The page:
3 LAYER CLOTHING SYSTEM
Most individuals who live in or near cold climate zones may be familiar with the concept of layering their clothes to maximize dryness and warmth. Whether you live in a region that experiences cold weather or will be traveling to one, it’s important to know the proper method of layering to stay dry and warm.
Keep in mind, this is a high level concept of the proper technique used to maximize warmth and dryness. It doesn’t have to be used exclusively in cold climate zones, it’s basic principles can also be utilized in warm climate zones that may also experience cold weather from time to time. It’s important to understand how to use this system. Here’s a brief overview to how it works:
- Base / Inner Layer – Worn directly against the skin, this layer’s primary function is wick away moisture towards the outer 2 layers where it will eventually evaporate.
- Insulating / Middle Layer – This layers function is to insulate heat to maximize warmth. It also helps facilitate the transfer of moisture wicked by the base layer on to the outer layer.
- Shell / Outer Layer – As the name suggests, this layers function is to provide protection against wind and/or rain while also allowing the moisture received from the middle layer to be wicked away and ultimately evaporate.
Base / Inner Layer
This is the base layer for your clothing system and is the layer of clothing worn directly against the skin. Articles of clothing in this layer should ideally have a precise fit and not be baggy or loose. Common types of material to look for when forming a base layer outfit are polypropylene, polyester, capilene,wool or silk. Ideally, the material should generally absorb less than 1% of its weight in moisture, allowing the user to stay dry. The reason this layer should have a snug fit is to absorb and wick away the moisture to the middle layer once sweated out of the wearer’s body.
When assembling the inner layer, keep in mind there are varying degrees of protection you should consider based off the climate in your region. For example, some climate zones may call for complete and total protection through the use of hoods, neck warmers, glove liners, etc., while others may not need the full ensemble. As with any other survival skill, common sense is needed when planning or preparing for a cold zone. There may be times when multiple layers of the base layer will be needed to be effective in extreme temperatures or specific climate risks such as wind or rain.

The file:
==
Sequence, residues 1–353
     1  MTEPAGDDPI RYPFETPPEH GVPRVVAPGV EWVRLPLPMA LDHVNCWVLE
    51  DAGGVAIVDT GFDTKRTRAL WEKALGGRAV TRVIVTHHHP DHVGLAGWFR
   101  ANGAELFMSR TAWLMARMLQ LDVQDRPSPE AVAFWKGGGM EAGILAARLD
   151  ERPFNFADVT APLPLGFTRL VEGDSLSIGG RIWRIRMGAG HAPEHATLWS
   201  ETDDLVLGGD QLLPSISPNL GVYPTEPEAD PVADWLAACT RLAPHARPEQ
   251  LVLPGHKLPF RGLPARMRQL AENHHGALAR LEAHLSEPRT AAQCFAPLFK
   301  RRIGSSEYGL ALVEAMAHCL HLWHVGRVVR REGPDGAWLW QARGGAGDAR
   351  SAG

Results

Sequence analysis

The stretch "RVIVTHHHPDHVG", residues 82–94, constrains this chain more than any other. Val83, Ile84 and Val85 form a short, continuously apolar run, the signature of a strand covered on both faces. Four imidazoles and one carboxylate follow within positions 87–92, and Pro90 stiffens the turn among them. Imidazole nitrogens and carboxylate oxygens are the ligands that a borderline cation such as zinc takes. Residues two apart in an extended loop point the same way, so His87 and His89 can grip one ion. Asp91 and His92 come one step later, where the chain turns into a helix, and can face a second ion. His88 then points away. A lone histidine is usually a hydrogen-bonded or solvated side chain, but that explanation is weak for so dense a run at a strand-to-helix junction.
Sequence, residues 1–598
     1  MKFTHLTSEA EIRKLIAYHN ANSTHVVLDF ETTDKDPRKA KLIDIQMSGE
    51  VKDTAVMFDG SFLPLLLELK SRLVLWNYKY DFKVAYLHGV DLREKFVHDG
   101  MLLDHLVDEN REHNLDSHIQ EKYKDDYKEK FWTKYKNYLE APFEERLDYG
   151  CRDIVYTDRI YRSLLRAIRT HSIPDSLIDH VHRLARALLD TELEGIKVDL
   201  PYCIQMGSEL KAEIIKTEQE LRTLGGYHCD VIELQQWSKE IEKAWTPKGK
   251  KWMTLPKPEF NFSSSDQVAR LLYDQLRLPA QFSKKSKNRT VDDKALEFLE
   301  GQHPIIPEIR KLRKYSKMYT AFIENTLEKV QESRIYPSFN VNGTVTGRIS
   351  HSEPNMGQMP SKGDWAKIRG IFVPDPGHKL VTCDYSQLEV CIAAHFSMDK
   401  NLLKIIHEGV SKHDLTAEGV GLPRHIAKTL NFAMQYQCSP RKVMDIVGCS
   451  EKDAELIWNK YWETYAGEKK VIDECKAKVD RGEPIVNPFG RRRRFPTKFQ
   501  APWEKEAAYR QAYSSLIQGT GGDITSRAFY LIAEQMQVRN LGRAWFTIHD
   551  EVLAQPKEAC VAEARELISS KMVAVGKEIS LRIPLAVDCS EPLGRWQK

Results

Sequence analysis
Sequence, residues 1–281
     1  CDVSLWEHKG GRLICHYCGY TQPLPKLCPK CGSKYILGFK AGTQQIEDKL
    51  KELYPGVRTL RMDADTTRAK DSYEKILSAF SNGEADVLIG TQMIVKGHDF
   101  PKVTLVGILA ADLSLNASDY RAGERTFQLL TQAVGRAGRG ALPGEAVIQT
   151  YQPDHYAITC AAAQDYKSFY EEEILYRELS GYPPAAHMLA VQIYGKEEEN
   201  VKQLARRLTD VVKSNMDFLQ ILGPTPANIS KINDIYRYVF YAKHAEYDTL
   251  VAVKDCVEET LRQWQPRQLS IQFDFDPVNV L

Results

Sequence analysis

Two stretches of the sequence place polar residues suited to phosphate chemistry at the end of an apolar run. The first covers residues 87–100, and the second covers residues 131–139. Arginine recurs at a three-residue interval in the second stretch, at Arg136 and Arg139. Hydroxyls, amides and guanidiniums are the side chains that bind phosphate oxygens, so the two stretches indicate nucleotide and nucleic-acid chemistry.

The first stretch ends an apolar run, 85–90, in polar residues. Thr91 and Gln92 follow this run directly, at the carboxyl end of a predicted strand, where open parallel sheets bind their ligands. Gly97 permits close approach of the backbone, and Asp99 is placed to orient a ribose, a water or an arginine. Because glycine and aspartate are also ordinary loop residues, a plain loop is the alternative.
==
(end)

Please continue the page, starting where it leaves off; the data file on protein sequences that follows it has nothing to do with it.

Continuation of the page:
Insulating / Middle Layer
Once the moisture is wicked away from the inner layer, it will need to be transferred from the middle layer onto the outer layer. The middle layer also needs to insulate and retain body heat which can be accomplished by creating a dead air space around the wearer’s body. It’s better to have multiple garments that comprise the middle layer than just one piece. This strategy allows the wearer to adjust and adapt to external variables such as changing weather, increased/decreased physical exertion, etc. As with the inner layer, each choice of material has it’s own strengths/disadvantages. A few moments of searching the internet can be immensely useful when planning the specifics of assembling a cold weather clothing system. Some examples of common middle layer garments include vests, jackets, sweaters, lightweight coats, etc.
Shell / Outer Layer
All shells are outer layers but not all outer layers are shells. Generally, the last layer of clothing is referred to as a shell if it has some wind or water repellent qualities. If it doesn’t it’s just an outer layer. The point of this final layer is to repel water such as rain, fog, snow, etc., as well as to provide protection from the wind. Ideally, the material you select for this layer will also allow for the moisture collected from the middle layer to be wicked away into the environment.
This shell, or outer layer, should have breathable qualities that allow the moisture out, while still providing protection from incoming water and wind elements. These shells can be referred to as hard or soft describing the performance of the water or wind resistant properties. The outer layer can be the most expensive, but also perhaps, the most important layer to buy.
The shell needs to be tough, in addition to water and wind resistant and also able to wick away moisture. Goretex, or a comparable treatment is strongly recommended for this layer for it’s excellent water and wind resistant properties.
Staying warm means staying dry. This can be ensured by moderating physical exertion to pace oneself to prevent heavy perspiration. Just like the majority of other survival skills, being able to remain flexible and adapting to ever-changing circumstances, will greatly increase the odds of survival. Having multiple garments for each layer allows the wearer to remove or add as needed. During times of physical exertion, less garments will be needed as the wearer has greater perspiration. Once the activity has decreased or stopped, more garments will need to be added to maintain adequate warmth and dryness. Knowing how to properly layer your clothing in cold weather is also a practical skill to understand in a non-survival or emergency setting.